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Gangs and Schools.

In Gangs and Schools, Richard Arthur offers his perceptions on what works and what doesn't with youths who are gang members. Although the author identifies strategies in areas such as reaching out to gang members, influencing gangs, establishing an effective classroom environment and setting staff guidelines, the book falls short in providing specific techniques and true-life examples to illustrate points and clarify positions.

The book's underlying theme is: "There is only one institution left that one can legally orchestrate to deal with this (gang) problem - the schools." However, the author seems frustrated by the school system and its lack of innovation, flexibility and other grass-roots requirements needed to combat the problems it faces in the '90s.

Whether one agrees with the author's premise or not, the book does provide some very basic and limited information about gangs. Perhaps teachers, parents and students would benefit most from this primer; most juvenile corrections workers probably already are familiar with the information.

I found the chapter "A Community: Not a School in a Community" most appealing. Arthur argues that schools should open their doors to the community and provide a variety of services to youths and their families. What a marvelous idea!

Unfortunately, he leaves the impression that this is a unique and untried concept. He fails to indicate that this very "experiment" already is being tried. New York City, for example, has a Beacon Schools Program in which schools are available to the community from 7 a.m. to midnight. The school system provides traditional educational services to children. In partnership with a non-profit community-based organization, the school serves as a hub that provides child care services for working parents, after school programs, evening activities to families, and so on. It is working so well that the concept is being expanded to other sites throughout the state.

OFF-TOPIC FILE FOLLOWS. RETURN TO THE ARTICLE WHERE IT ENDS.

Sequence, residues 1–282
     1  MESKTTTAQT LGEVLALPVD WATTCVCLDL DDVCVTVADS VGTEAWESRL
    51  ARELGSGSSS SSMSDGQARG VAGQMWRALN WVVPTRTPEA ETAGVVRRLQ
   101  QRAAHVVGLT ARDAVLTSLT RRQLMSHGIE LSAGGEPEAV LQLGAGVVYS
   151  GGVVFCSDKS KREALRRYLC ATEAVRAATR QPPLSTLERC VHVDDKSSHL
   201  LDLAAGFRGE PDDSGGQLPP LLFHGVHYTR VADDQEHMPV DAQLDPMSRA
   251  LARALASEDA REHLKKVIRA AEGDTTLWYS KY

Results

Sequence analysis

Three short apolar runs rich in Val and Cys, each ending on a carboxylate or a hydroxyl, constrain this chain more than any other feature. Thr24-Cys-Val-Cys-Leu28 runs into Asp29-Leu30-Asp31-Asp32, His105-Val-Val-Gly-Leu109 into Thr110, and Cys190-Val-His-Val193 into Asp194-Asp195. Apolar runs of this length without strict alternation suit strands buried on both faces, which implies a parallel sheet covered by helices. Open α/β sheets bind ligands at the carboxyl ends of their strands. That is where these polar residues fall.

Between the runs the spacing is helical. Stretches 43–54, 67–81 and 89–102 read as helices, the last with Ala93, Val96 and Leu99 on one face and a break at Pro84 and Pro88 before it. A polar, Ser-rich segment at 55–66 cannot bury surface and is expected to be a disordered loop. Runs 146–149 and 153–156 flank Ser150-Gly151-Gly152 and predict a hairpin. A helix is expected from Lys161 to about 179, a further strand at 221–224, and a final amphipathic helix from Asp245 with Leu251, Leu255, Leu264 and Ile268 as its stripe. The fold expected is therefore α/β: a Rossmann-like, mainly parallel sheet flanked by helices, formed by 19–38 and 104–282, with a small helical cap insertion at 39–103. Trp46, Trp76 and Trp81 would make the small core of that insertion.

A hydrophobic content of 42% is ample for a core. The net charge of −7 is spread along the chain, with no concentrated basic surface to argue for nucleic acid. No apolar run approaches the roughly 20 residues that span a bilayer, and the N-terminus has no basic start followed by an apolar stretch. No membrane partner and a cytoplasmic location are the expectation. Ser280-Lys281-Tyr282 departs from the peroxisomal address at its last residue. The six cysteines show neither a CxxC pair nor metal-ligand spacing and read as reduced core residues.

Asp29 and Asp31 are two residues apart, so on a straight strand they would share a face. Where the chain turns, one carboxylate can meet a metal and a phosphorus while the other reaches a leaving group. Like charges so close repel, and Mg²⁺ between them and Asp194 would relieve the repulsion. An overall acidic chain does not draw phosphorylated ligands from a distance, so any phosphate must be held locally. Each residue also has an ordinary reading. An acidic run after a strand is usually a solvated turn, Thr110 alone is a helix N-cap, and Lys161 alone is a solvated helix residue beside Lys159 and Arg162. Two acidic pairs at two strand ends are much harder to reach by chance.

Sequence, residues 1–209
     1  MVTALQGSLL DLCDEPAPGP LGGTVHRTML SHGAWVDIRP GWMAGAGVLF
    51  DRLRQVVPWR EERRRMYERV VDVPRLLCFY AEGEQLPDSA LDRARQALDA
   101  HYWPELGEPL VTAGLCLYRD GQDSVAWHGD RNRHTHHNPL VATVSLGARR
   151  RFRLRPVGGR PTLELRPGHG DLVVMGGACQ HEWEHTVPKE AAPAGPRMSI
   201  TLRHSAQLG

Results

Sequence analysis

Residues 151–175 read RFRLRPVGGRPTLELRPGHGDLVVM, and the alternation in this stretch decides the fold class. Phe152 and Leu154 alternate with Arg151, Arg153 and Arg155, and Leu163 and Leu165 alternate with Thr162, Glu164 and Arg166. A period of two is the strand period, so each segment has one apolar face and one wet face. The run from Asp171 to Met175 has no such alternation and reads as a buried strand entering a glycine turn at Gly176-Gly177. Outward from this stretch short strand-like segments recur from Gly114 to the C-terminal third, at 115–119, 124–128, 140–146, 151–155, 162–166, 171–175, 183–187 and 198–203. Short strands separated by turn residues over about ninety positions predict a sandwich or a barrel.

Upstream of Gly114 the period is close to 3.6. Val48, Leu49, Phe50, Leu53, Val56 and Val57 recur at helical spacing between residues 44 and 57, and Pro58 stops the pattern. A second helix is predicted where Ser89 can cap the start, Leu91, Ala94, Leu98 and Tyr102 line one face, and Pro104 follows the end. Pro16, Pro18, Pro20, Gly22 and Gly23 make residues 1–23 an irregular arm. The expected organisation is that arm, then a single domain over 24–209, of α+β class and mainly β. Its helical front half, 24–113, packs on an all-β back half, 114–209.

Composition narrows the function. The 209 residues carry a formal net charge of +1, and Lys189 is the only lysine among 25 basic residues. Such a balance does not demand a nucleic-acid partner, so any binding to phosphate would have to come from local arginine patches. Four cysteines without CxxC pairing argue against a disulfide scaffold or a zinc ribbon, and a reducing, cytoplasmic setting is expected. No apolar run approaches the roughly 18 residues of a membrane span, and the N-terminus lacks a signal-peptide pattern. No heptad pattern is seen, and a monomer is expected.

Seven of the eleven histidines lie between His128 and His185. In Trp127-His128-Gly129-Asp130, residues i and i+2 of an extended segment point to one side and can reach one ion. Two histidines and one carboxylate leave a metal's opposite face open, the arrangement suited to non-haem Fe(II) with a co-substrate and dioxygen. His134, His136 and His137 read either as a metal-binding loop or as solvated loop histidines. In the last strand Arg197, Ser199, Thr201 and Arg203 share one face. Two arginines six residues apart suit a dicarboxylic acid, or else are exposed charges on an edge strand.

Gangs and Schools is easy reading that can be completed in a couple of hours. I recommend it for the novice who wants to know more about schools and today's students. The book, however, does not break much new ground on youth gangs, and it should not be used as a technical resource for practitioners who want to know more about gang development, intervention, habilitation or social change.
COPYRIGHT 1993 American Correctional Association, Inc.
No portion of this article can be reproduced without the express written permission from the copyright holder.
Copyright 1993 Gale, Cengage Learning. All rights reserved.

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Author:Glick, Barry
Publication:Corrections Today
Article Type:Book Review
Date:Jul 1, 1993
Previous Article:Ethics in Criminal Justice: In Search of the Truth.
Next Article:Community Corrections.

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